Plants in the office? Most employees think this is a good idea, and they react with higher productivity to the presence of plants in their work environment.
The research design:
The field research was conducted in two consulting companies in central London and at the call centre of a large insurance company in Zwolle (Netherlands). In all three cases, the participants of the experiment had previously worked in relatively plain and spacious offices (lean offices). After a certain period of time, broad-leaved plants with a height of about 90 cm were placed in the workrooms occupied by half of the employees (green offices).
- Most of the employees who now had plants around them believed that the air quality had improved and that they could concentrate better since the change.
- The introduction of the plants also increased the participants’ sense of satisfaction with their work environment.
- During the experiment at the call centre, the employees’ productivity was also measured. After the plants had been brought in, productivity increased by 15%.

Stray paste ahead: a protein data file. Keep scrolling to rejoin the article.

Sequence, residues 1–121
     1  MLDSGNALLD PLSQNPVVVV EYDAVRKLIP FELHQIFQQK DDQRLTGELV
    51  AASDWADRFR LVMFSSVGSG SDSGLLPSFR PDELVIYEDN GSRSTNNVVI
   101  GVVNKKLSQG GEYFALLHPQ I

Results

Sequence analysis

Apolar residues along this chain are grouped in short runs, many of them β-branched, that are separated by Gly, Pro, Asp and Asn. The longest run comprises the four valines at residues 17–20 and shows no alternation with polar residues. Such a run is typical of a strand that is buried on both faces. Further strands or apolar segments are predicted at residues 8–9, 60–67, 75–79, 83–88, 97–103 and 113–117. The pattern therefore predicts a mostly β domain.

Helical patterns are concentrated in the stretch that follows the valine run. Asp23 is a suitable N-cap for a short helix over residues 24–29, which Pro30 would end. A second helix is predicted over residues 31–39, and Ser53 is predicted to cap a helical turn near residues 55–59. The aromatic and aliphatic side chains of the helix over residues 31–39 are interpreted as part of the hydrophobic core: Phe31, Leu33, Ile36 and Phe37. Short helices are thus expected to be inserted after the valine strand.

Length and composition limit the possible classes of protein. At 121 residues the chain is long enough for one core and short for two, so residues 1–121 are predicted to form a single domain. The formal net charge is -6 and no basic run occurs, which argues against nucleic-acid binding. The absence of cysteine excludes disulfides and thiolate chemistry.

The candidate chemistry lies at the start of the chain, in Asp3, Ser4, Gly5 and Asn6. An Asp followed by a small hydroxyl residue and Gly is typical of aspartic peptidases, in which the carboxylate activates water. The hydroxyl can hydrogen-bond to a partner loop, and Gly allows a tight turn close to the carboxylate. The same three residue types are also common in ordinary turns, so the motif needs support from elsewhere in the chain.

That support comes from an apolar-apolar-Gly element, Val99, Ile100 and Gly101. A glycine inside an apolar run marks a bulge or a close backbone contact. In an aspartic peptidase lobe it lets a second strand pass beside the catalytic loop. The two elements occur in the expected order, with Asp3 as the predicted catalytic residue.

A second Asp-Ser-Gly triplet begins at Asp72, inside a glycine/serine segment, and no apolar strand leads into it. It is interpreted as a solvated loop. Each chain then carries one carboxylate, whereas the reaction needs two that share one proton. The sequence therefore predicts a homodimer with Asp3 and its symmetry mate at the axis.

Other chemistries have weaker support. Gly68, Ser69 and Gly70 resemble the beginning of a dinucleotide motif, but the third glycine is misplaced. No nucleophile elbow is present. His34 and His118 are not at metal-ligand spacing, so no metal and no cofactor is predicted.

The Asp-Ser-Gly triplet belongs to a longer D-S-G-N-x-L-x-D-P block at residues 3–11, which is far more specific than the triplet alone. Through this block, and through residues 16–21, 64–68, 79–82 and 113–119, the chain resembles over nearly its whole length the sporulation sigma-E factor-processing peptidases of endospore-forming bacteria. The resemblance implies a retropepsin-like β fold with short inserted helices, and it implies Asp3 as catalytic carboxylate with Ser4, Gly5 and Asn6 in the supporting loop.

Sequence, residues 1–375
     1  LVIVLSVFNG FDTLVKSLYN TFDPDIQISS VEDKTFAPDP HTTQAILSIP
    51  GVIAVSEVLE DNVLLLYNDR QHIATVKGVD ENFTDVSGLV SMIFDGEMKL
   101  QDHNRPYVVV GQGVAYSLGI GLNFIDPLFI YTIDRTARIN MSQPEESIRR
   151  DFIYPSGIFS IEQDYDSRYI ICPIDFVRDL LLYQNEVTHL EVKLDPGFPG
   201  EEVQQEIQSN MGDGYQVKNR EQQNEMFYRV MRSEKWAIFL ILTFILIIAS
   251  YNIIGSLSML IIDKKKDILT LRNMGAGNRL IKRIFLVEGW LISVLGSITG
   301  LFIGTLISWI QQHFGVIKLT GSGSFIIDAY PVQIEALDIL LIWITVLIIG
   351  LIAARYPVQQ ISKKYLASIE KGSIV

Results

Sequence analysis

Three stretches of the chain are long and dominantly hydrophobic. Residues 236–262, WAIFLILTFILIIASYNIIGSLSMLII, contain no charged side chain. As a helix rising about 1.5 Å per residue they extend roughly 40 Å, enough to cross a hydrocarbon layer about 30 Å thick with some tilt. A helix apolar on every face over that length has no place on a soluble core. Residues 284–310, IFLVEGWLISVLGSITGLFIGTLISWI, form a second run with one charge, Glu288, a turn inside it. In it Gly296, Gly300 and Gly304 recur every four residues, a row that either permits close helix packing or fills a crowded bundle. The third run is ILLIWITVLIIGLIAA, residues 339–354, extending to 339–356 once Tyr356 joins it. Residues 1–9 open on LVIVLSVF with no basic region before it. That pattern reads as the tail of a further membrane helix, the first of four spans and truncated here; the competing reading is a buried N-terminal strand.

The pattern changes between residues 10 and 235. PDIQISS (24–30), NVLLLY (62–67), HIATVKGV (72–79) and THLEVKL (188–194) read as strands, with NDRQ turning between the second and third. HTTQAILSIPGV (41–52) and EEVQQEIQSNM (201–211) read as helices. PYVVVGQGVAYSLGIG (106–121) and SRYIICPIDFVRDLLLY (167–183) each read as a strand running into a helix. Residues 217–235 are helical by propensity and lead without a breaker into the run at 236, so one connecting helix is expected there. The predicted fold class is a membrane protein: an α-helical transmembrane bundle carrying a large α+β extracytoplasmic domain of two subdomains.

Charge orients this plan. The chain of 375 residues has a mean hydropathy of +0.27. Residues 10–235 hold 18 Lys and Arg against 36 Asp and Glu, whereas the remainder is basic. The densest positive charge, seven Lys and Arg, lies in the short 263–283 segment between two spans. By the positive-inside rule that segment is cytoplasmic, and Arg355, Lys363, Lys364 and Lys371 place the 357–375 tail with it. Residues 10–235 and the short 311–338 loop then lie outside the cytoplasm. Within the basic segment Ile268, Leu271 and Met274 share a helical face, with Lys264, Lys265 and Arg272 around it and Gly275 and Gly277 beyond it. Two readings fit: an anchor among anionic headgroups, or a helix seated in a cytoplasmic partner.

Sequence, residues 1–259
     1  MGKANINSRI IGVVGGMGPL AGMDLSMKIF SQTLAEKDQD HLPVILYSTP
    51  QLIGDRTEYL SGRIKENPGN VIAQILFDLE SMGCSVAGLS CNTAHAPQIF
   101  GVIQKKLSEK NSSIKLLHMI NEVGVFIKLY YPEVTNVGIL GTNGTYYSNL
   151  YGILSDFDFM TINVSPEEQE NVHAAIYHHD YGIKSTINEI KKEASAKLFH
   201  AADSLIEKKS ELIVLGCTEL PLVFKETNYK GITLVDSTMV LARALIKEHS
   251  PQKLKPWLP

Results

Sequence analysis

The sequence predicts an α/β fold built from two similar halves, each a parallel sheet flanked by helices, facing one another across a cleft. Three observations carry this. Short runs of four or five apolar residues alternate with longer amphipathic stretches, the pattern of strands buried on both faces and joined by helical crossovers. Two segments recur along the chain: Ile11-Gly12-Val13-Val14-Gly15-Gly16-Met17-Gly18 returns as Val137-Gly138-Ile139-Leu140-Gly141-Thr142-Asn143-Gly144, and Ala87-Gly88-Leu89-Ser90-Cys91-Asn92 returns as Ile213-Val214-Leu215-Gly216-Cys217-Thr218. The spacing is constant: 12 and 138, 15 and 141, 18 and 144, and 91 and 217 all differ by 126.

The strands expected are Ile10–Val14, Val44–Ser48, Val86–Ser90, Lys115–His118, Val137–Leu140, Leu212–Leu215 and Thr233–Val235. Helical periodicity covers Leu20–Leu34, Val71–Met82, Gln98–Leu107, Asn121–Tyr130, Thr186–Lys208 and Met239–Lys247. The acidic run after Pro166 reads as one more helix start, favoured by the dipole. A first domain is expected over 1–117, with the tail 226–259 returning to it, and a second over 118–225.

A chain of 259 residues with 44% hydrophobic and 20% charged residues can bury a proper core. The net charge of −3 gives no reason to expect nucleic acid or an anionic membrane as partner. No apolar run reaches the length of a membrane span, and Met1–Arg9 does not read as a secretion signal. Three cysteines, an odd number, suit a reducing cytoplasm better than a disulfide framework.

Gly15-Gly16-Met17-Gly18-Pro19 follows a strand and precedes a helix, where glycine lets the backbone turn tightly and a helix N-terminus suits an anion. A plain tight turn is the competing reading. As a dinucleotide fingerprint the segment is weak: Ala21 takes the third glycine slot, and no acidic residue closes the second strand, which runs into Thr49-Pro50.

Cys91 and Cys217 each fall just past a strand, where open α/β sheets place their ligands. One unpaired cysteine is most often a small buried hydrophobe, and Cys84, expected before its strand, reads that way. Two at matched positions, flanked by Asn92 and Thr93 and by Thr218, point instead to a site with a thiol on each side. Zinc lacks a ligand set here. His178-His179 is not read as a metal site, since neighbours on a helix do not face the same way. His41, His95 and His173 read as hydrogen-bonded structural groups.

- In addition, the researchers observed that the employees became more committed.
The researchers responsible for the study had registered similar results in an experiment conducted under laboratory conditions in 2010. At that time, the work performance of the employees in an austere office was compared with that of employees working in an environment with pictures and plants. In this case, the productivity of the employees in the office designed to be full of variety was 17% higher than that of their colleagues in the austere environment. The productivity grew even more markedly if the employees were able to decide for themselves what pictures and/or plants they wanted to have in their surroundings. In this environment that they had designed for themselves, they were 32% more productive than in the austere office.
Information about the study
You can download the research findings at Research Gate.
Researchers conducting the study: Marlon Nieuwenhuis, Cardiff University; Craig Knight, University of Exeter; Tom Postmes, University of Groningen; S. Alexander Haslam, University of Queensland.
Publication: September 2014